Happy New Year 2012

 Happy New Year 2012 – Bonne Annee 2012

I wish to all of you and in particular to all the patients affected with dystonia a happy New Year. I hope 2012 will be a year of good response to treatment and very mild difficulties due to the condition.

Dr Marie-Helene Marion

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Emergency Botox clinic for dystonic patients, provided by Dr Marie-Helene Marion, neurologist.

Emergency Botox clinic, for dystonic patients, provided by Dr Marie-Helene Marion, neurologist.

Severe cervical dystonia (torticollis), head tremor,  blepharospasm  and jaw spasms are so incapacitating that patients  often can’t wait 3 months or even 3 weeks to be treated. Dr M-H Marion is available to see patients at short notice and to proceed the same day with Botulinum toxin injections.

Patients who have been recently diagnosed, and have severe dystonia or dystonic tremor, sometimes find it difficult to cope any longer with the spasms in their face or neck; they may have been referred to a specialist center but have to wait for a few weeks  (or longer) to be seen and injected. Patients also who are regularly treated, require sometimes to be injected outside their normal therapeutic schedule, because the benefit is wearing off earlier, than usual or because unpredictable life events disrupt their time table or because their dystonia  has recently flared up due to stress. These patients can also benefit from Botox emergency clinics.

They will be seen in the London BTX centre, at the Wilbraham Place practice, located in Sloane square (SW1), have the choice between 2 brands of Botulinum toxin type A, and will benefit from electromyographic guided injections if required.  The exact protocol of injections with dosages and sites of injections, documented by sketches of the body part injected, will be given to the patient before leaving the practice. The GP and the regular neurologist will be kept informed.

I hope that this Emergency Botox clinic will help patients with severe dystonic spasm or tremor to get through difficult times of their life and carry on.

 

Management of arm spasticity in Liverpool, 9th December 2011

 

Management of arm spasticity in Liverpool

9tH December 2011

 Last Friday,  I went to a Masterclass of  Management of arm spasticity organized by Professor Paul Mc Arthur hand plastic surgeon and Ms Jane McPhail, consultant maxillo-facial prosthetist.

It amazed me how much I always learn from colleagues from other specialties.. We all learn the same functional anatomy of a given muscle, so what’s make the   view so different  between a neurologist, treating a writer’s cramp and a hand surgeon treating a spastic arm?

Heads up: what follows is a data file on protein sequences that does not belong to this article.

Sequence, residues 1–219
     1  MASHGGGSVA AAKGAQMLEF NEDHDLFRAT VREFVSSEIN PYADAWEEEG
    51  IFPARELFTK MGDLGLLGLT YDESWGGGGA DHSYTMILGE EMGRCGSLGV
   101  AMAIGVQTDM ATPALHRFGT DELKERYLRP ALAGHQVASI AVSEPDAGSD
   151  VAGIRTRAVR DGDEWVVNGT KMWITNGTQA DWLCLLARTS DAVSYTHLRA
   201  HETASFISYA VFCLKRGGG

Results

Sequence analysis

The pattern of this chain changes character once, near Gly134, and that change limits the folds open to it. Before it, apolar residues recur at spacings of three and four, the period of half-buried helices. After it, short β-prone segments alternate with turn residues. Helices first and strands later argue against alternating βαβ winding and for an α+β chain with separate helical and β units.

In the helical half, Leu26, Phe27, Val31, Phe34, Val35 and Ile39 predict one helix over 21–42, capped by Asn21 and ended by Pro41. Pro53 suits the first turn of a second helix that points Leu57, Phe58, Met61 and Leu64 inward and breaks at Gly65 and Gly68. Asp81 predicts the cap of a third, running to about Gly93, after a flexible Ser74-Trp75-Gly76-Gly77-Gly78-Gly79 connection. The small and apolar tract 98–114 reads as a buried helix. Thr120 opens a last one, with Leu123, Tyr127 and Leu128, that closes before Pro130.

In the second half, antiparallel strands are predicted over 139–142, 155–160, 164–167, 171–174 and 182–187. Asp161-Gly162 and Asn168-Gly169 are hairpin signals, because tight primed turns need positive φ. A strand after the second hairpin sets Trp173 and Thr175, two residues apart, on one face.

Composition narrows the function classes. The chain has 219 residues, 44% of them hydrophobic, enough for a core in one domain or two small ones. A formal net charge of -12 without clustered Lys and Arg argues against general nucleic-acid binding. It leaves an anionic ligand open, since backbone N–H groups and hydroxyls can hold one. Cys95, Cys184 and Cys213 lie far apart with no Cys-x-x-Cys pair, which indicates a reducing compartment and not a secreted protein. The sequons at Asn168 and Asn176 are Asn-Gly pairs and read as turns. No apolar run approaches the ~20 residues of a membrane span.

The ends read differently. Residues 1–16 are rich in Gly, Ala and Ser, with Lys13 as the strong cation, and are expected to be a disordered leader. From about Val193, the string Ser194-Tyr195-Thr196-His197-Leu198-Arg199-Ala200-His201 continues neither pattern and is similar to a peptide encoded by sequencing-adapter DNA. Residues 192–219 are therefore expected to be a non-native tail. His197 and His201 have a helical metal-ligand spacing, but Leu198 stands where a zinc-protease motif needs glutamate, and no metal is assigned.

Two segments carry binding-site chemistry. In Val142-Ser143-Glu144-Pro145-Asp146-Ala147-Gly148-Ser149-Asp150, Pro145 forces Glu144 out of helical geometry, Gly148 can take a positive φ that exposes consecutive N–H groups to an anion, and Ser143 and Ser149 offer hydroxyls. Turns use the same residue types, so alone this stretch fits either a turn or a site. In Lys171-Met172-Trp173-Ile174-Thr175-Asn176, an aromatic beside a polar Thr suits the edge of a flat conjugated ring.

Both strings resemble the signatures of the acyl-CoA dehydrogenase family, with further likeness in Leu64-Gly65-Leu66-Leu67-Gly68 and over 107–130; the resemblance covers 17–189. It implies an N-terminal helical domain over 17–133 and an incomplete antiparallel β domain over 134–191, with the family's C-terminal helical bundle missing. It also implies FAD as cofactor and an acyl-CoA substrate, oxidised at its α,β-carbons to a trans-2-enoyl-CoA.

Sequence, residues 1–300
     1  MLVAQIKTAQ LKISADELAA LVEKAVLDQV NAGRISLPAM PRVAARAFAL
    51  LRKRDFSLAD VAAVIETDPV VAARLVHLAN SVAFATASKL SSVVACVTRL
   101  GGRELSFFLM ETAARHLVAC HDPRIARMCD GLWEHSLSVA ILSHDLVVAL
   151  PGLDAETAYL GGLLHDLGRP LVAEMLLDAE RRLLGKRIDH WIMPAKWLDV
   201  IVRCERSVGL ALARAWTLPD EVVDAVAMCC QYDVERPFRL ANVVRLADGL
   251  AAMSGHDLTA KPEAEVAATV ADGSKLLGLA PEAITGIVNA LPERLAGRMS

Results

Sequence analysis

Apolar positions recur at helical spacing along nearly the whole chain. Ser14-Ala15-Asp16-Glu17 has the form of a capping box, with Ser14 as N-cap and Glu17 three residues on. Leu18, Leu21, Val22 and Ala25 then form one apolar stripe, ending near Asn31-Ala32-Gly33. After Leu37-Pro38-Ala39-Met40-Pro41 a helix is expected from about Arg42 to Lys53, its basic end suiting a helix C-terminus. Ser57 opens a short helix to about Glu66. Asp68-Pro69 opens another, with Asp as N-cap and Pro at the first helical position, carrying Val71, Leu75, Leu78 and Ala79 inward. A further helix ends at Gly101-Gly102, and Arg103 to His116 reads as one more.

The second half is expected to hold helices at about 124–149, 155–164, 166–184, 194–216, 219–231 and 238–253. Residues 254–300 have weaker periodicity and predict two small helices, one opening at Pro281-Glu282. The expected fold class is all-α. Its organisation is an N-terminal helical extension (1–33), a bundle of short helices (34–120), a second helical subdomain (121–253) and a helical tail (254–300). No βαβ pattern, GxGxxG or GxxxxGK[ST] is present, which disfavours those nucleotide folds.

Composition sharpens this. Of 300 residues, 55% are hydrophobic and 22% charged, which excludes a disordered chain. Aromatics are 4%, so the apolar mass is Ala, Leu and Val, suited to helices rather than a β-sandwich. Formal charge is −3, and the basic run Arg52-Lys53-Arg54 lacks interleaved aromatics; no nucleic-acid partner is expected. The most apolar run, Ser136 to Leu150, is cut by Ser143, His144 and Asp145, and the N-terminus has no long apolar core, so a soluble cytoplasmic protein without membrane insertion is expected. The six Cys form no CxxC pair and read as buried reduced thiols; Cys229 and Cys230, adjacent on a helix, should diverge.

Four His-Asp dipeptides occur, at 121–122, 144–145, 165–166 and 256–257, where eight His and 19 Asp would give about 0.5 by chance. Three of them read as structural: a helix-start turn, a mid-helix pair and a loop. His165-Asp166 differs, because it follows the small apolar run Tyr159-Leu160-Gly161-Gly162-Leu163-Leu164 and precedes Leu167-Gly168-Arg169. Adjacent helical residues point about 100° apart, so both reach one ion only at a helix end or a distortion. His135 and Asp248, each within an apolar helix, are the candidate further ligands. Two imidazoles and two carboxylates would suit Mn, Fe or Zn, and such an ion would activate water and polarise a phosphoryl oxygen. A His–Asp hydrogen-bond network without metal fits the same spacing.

Spasticity and dystonia have a different origin. Spasticity in adults commonly followed a stroke with lesion of the cortex (the skin of the orange!). Writer’s cramp is a focal dystonia, which is due to a circuit problem between the deep nuclei (Basal ganglia-the seeds of the orange!) of the brain. Oppenheim, 100 years ago defined the word dystonia as an increased tone different from what was seen after stroke.

 The difficulties encountered by these patients are very different.

Dystonic patients such as Writer’s Cramp have problems when writing, but otherwise are fine for other tasks and at rest. Patient with spastic arms have a permanent disability at rest with pain, discomfort and abnormal posture, interfering with every action requesting skills and strength.

 The abnormal posture has nothing in common…the spastic arm present with rigid flexion of the elbow, arm in pronation (palm of the hand twisted and looking to the floor), and flexion of the wrist and fingers . In case of a dystonic arm, the abnormal posture is not fixed and will be present only when writing. Sometimes  the dystonia is more severe and the arm has a mobile, variable abnormal dystonic posture when arm outstretched and when walking; the whole arm is  twisted in pronation but without a fixed flexion of the elbow, the wrist in flexion and the fingers can be flexed or extended, animated with slow movements.

But despite all these differences, they both benefit from Botulinum toxin injections…

So the approach of the treatment has to be adjusted to the condition

 

Spastic arm: I learned from professor McArthur the concept of function unit to understand at best the spastic arm, with the biceps, brachialis and brachioradialis for the arm flexion, the pronator teres and the flexor carpi radialis for the arm flexion and pronation, and the synergy between the lumbricals and the flexor digitorum  communis . Also I had the demonstration that ultra sound can be crucial to target the spastic muscles precisely as the arm is permanently in an abnormal posture, modifying normal anatomical reference.  The electromyogram is not helpful, except the stimulation, as the voluntary command of the arm is poor.

 Dystonic arm: My experience of watching and treating dystonic patients taught me, on the other hand, that dystonic arm requires to be assessed during the task which triggered the dystonia, that 1 or 2 muscles in spasms can lead the all arm in a dystonic spasms, and that electromyogram is extremely helpful to document the dystonic bursts in the arm; the selection of the muscles is complex as the posturing is variable , but targeting the muscle itself under e;ectromypogram is not as difficult.

 Confronting experience and developing concepts between clinicians from different specialties, are invaluable, and the Liverpool course confirmed that looking from another perspective brings new ideas.